Unemployed? At Least Your Job Search is Tax-Deductible

Last week, the National Bureau of Economic Research announced that the recession ended in June 2009. According to the announcement, the economic downturn reached a plateau that month and hasn’t decreased since then. In other words, we are now on the painfully slow journey to recovery.

The end of a recession doesn’t mean that economic suffering is over; rather, it just means we’re making headway towards reaching our normal economic capacity. As we walk the gradual path to recovery, Americans will still be out of work and struggle to make ends meet.

Luckily, if you’re on a job search because of the recession, you could receive some tax breaks on your return this year.

Job Search Tax Deduction Rules

There are a few rules to be aware of relating to job search tax deductions:

  • The tax write-offs for job search expenses are only deductible if you are looking for a new job in the same line of work that you previously worked in. You cannot deduct expenses related to looking for a job in a different career field.
  • If you lost your job and procrastinated too long on looking for a new one, you cannot deduct the related expenses.
  • If you are just starting a job search for your very first job, you cannot deduct the associated expenses.
  • Finally, all of the deductions listed below—with the exception of the moving expense deduction—are miscellaneous deductions and you must itemize to claim them.

Read on to find out which tax deductions you should look for come tax time.

Tax Deductions for a Job Search

Employment and Outplacement Agency Fees

Agencies that help you on your job search—whether it’s lining up interviews or helping you through the application process—can prove to be very helpful in locating your next employment opportunity. While job-searching may be new to you, they are experts and can help you find a job more quickly than you might be able to on your own. However, the agencies don’t work for free. You’ll likely pay a fee if you use their services, which you can deduct on your tax return. If you land a job and your employer reimburses you for the fees, you’ll need to include the reimbursement in your income for the next year.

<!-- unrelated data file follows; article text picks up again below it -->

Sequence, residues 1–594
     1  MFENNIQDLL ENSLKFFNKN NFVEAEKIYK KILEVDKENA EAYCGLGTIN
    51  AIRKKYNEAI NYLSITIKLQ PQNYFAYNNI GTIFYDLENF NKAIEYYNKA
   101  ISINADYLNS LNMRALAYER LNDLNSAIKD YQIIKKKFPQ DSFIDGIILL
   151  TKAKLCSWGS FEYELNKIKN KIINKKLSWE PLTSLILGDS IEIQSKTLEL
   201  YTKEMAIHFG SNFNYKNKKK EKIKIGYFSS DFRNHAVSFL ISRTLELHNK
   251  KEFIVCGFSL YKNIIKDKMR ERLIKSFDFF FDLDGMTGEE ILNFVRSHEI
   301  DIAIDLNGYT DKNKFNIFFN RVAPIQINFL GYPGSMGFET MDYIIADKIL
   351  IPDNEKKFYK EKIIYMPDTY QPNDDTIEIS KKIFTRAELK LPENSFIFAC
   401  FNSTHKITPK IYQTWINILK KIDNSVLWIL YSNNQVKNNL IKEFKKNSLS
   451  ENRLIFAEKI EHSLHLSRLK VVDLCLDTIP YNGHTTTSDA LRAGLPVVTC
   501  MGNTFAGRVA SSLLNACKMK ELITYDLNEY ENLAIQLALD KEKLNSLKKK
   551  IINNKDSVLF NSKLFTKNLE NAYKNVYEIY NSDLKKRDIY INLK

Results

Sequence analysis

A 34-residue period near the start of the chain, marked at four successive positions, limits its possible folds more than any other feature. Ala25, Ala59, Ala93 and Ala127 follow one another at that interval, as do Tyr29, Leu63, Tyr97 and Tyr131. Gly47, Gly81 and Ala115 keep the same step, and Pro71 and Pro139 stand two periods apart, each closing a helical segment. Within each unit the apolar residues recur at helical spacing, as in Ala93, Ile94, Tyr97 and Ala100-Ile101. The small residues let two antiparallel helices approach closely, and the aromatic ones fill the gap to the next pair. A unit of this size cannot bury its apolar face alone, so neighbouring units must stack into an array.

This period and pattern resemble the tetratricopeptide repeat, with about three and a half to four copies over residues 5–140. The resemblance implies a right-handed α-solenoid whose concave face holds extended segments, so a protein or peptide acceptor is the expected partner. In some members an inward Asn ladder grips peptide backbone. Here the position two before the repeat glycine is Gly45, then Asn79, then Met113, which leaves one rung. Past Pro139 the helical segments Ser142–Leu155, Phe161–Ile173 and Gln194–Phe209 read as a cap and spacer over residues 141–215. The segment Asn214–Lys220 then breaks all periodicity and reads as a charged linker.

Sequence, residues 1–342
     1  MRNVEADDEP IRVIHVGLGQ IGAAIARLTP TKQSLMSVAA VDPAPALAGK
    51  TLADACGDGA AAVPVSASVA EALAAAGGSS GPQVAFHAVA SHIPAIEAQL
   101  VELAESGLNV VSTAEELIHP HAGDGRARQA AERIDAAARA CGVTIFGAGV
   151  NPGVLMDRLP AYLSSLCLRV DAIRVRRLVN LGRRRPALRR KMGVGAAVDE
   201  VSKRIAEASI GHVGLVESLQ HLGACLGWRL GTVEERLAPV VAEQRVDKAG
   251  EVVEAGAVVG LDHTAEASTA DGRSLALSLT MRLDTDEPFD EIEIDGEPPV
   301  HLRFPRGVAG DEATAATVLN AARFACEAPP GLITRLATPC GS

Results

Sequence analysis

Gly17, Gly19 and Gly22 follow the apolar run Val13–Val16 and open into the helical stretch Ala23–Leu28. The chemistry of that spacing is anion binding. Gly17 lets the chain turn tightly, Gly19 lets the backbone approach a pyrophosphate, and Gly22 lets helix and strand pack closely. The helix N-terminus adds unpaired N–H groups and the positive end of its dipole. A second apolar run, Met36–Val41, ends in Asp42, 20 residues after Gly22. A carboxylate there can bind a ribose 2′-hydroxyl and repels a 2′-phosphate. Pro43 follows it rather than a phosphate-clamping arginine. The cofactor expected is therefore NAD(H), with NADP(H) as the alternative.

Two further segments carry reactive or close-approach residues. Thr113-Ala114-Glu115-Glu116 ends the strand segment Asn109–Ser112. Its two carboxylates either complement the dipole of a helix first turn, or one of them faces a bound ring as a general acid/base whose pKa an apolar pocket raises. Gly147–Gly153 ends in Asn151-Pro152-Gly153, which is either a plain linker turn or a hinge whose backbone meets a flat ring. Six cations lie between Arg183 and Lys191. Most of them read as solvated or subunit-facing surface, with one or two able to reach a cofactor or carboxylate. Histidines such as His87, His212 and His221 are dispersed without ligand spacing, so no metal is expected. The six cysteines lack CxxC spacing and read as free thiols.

Resume Fees

Any fee associated with the creation, revision, and dissemination of your resume is tax deductible as a miscellaneous itemized deduction. If you hire someone to help you prepare and revise your resume, the expenses should be deductible. Costs of paper, ink, mailing, and other printing costs are also tax deductible.

Phone Calls

Many employers are opting to interview potential candidates over the phone. This type of interview can become expensive if you are applying for several positions and if the phone calls are long-distance. Keep records of the amount of time you spend on the calls and you can deduct these expenses on your return.

Travel and Transportation Fees

While some of us may travel across the city for an interview, many others will travel across the country for an interview. If your potential-employer is not covering your transportation costs, you can deduct them on your taxes. Be careful when combining pleasurable activities with your job search travel or your expenses may not be deductible. If the majority of the time on your tip is spent on job-searching related activities, you should be able to deduct the costs of the trip.

Moving Expenses

When you do land a job after all of your searching, you might have to move for your new job. Luckily, if you move a certain distance from your old job for your new job, the expenses related to moving are deductible on your tax return. Out-of-pocket costs like transporting your belongings and lodging along the way are both deductible. The great thing about this deduction is that you do not have to itemize to claim it.


When searching for a new job in these troubling economic times, know that Uncle Sam will allow you to deduct some of the expenses you incur during your efforts. And now that the recession has been deemed as over, maybe the job search will start to look a lot less bleak in the months to come.

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About Amber Gilstrap

Amber is a twenty-something CPA from Kansas City, Missouri who loves writing, working out, and---of course---finding fresh ideas for saving money. Follow her on twitter @amberinks.


  1. “If you are just starting a job search for your very first job, you cannot deduct the associated expenses.”
    This is very upsetting to me. I graduated in May and have had 10-15 interviews since I first started seeking full-time employment (last October). I estimate that I have spent somewhere between $500-700 for application and interview expenses, all of which have turned up as dead ends. Also, since I do work over 40 hours a week between my 3 part-time jobs, I know I will probably actually owe some taxes this year as some of my employers are probably not withholding enough. It is sad that none of the expenses I have incurred can be written-off (or otherwise covered by a decent-paying job which I am still lacking).